The company announced Monday that starting in April it will institute a new rewards program where customers will receive two “stars” for every $1 they spend.
Currently, customers earn one star per visit, and customers with “gold” status receive a free drink or food item after 12 visits. The new system will require customers to rack up 125 stars in order to get a free reward.
To put it simply, in order to get rewards, customers will have to spend more money. (Starbucks has a special site explaining the new system here.)
For example, if a customer goes to Starbucks every day and orders a $3 latte, they’ll get a free reward after spending $36 and visiting 12 times.
Under the new rules, getting to the free reward will cost Gold members more time and money. That same customer who regularly orders a $3 drink would have to visit Starbucks 21 times and spend nearly $63 to earn a reward.
On the flipside, a customer who regularly spends more than average $5 per visit will earn stars faster. So if you’re not one to add a breakfast sandwich or muffin to your order, the new system isn’t so rewarding
As you’d imagine, plenty of customers took to social media channels to broadcast their outrage.
On Facebook, Starbucks drinker Sue Augustin claimed she’d stop going to Starbucks all together. “Will start taking coffee from home instead of buying a venti mocha,” she wrote. “Great way to save some money and calories! They can keep their new program.”
In stores, Starbucks employees are already feeling the heat. “People have come in here angry at me,” an employee at a Times Square area store told Yahoo Finance. “I’m like, I just work here.”
Starbucks executives are standing by their decision to revamp the program. “The new program reflects the #1 request we heard from members: more Stars awarded based on what you buy, no matter how often you visit,” they wrote on the company’s website.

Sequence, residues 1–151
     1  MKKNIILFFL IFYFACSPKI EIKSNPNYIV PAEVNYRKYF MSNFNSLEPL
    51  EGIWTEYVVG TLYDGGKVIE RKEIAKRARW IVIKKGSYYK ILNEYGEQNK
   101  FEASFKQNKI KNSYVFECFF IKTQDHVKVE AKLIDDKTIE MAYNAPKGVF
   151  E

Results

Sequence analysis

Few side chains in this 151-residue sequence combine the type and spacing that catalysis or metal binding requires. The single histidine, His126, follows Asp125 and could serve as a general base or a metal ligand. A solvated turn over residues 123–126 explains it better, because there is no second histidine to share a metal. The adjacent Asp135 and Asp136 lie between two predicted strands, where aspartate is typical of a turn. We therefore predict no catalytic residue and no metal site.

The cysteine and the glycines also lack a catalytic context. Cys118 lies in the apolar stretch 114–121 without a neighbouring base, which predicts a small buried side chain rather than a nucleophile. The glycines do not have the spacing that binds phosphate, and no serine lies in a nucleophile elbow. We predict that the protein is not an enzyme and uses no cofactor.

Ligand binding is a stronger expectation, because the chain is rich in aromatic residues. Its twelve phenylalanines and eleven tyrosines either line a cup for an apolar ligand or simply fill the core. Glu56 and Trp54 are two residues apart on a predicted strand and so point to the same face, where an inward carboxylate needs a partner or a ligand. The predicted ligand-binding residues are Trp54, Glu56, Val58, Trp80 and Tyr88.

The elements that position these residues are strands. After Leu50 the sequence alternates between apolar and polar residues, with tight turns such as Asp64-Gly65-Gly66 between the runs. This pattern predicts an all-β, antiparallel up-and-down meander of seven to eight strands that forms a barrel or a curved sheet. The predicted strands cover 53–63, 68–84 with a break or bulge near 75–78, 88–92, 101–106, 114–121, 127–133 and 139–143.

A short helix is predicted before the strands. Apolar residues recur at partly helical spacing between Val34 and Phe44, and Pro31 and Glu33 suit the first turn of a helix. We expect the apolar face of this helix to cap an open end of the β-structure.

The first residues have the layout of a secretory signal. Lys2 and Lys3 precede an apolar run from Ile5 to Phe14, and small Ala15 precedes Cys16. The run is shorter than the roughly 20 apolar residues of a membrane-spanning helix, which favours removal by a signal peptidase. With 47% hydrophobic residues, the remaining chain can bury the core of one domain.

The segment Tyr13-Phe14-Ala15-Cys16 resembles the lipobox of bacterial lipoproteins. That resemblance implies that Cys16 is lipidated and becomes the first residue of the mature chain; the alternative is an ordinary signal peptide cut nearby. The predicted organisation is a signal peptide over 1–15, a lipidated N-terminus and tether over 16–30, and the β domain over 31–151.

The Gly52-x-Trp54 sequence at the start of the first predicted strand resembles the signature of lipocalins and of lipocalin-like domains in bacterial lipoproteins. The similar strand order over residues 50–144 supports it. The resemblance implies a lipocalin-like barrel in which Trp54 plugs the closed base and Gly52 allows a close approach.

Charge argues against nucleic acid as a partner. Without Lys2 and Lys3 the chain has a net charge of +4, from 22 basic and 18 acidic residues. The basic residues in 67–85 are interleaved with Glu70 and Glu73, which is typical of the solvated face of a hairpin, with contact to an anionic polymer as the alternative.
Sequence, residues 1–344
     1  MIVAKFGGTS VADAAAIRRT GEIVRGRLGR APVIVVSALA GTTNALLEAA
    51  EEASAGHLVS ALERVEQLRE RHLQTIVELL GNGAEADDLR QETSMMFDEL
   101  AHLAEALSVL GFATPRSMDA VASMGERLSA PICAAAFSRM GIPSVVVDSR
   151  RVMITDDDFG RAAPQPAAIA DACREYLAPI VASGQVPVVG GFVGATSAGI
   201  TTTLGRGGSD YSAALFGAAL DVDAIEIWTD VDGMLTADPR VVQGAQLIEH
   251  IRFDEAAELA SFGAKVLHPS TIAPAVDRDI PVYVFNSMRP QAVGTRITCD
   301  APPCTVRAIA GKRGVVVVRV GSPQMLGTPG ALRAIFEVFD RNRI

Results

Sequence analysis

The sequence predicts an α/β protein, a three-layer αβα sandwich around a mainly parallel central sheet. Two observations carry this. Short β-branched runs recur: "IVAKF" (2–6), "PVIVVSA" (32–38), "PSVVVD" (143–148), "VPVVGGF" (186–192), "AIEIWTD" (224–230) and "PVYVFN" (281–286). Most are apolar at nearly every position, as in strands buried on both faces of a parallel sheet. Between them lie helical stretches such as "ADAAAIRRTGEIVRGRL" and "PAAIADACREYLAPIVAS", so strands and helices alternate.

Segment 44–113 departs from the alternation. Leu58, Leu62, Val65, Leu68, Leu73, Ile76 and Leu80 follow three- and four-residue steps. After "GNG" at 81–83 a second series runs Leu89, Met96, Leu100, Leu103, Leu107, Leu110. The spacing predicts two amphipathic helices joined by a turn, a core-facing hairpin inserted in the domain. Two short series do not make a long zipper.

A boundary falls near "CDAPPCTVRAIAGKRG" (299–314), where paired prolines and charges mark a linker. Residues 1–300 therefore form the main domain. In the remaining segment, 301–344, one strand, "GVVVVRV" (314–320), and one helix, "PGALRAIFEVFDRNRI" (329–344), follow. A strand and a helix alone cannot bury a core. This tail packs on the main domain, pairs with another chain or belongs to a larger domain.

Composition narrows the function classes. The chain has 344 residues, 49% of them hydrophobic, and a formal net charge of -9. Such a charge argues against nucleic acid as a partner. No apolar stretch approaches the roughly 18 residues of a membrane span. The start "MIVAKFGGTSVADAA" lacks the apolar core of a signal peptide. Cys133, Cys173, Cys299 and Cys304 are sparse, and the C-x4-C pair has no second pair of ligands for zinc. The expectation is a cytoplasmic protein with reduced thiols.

It’s no secret that the previous system had flaws. A customer who ordered 10 coffees during one visit received the same amount of stars as someone buying one green tea. This led to longer wait times, as customers split their purchase to earn more stars and game the system. According to Starbucks Chief Stragety Officer Mattthew Ryan, this accounted for about 1% of all transactions.
For rewards program member Nicole Young, the new system won’t change her daily habit. She will continue to buy coffee every day, and looks forward to the extra stars she’ll earn when buying coffee for a large group. “I’m sure it evens out, because if I do a coffee run for a bunch of friends or coworkers, now I’ll benefit from it,” she told Yahoo Finance.”
In addition to the change in how stars are counted, the company also announced changes in the rewards levels. The current system has three levels: Welcome, Green and Gold. The new system will have just Green and Gold, allowing users to get to the Gold status faster.
The coffee chain will also have monthly double star days where Gold members will receive 4 stars for every $1 they spend at Starbucks, instead of the standard single star for every $2 spent.
If you’re a current member enrolled in the program, you won’t lose anything when the company transitions to the new system. Ryan confirms that each star in your account will be converted to 11 stars in the revamped program, which will work in the customer’s favor.
Still, feelings about Starbucks new reward system remain as personal as how much milk you like in your coffee. But for Young, there are bigger things to worry about. “With everything going on in the world, this is very low on the totem pole.”